If you look into you myDapp.html you will find the hello template. Just add a helper called {{currentBlock}} some where between the <template name="hello">..</template> tags.

Now open the myDapp.js and add after the counter: function.. the currentBlock helper:

    counter: function () {
    currentBlock: function(){
        return EthBlocks.latest.number;

Then initialize EthBlocks by adding EthBlocks.init(); after Session.setDefault('counter', 0);

If you now check your Ðapp in the browser you should see the latest block number, which will increase once you mine.

For more examples please checkout the packages readmes and the demo (source) for more.

Ðapp code structure

This tutorial won't go into building apps with Meteor. For this please refer to the Meteor's tutorials, A list of good resources, EventMinded (payed tutorials) or books like Building Single-page Web Apps with Meteor or Discover Meteor.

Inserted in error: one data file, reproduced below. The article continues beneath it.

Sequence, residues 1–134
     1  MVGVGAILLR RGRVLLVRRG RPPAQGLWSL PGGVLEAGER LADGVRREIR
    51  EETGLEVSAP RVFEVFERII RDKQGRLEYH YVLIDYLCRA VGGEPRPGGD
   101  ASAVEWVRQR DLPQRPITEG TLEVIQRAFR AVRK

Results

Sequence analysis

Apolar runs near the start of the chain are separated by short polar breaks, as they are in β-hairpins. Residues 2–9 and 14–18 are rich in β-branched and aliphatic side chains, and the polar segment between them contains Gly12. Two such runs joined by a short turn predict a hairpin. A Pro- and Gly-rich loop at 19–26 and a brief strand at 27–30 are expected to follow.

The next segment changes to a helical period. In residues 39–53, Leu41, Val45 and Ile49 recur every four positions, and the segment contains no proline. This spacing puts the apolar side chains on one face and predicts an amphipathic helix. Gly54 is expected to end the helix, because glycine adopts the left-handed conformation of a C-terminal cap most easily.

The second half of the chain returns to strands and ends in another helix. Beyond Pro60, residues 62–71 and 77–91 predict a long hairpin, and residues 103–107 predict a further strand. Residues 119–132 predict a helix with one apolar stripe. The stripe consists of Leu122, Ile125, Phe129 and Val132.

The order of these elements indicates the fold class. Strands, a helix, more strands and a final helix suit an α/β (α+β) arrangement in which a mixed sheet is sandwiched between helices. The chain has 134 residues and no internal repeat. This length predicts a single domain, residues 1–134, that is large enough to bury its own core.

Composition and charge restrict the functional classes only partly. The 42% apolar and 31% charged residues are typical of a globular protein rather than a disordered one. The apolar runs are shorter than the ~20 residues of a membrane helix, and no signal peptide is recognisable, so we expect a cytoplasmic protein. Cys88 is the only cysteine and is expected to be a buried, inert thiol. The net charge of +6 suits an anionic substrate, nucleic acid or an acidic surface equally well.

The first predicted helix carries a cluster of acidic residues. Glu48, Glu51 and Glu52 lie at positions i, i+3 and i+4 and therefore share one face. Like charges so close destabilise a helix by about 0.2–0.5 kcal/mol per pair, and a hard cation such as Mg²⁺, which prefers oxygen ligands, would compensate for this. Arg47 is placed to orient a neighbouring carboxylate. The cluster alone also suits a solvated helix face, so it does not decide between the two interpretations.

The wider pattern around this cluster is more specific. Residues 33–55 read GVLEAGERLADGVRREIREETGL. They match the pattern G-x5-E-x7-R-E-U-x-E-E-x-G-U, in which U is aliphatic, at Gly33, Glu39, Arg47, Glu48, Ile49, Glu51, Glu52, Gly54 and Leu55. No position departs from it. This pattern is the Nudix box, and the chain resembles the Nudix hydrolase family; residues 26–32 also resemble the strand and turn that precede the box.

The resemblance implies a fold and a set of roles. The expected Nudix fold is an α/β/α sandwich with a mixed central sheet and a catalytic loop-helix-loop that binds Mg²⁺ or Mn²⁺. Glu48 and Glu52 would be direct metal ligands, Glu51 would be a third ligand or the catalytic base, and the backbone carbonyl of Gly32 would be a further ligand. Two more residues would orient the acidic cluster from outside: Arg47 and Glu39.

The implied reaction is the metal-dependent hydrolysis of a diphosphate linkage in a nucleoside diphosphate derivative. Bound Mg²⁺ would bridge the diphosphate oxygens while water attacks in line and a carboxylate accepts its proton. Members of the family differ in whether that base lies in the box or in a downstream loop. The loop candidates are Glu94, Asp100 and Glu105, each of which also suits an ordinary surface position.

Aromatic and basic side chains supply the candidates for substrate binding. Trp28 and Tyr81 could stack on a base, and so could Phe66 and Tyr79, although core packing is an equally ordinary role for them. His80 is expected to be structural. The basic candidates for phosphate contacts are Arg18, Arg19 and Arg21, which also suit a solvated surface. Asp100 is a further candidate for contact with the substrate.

TODO Short:

  • put ethereum related stuff into client/lib/ethereum/somefile.js
  • use myCollection.observe({added: func, changed: func, removed: func}) to communicate to ethereum, keep ethereum logic out of your app as much as possible. This way you just write and read from your reactive collections and the observe functions will handle the rest (e.g. sendTransactions)
  • Filters etc will add logs etc to your collections. So you keep all the callback mess out of your app logic.

For an example see the Ethereum-Wallet.

Bundle your Ðapp

To bundle your Ðapp into a local standalone file use meteor-build-client:

$ npm install -g meteor-build-client
$ cd myDapp
$ meteor-build-client ../build --path ""

This will put your Ðapps static files into the build folder, above your myDapp folder.

The last option --path will make the linking of all files relative, allowing you to start the app by simply clicking the build/index.html.

Be aware that when running your app on the file:// protocol, you won't be able to use client side routing, due to web security. Later in mist you will be able to use client side routing, as dapps are served over the eth:// protocol.

In the future you will be able to simply upload your Ðapp on swarm.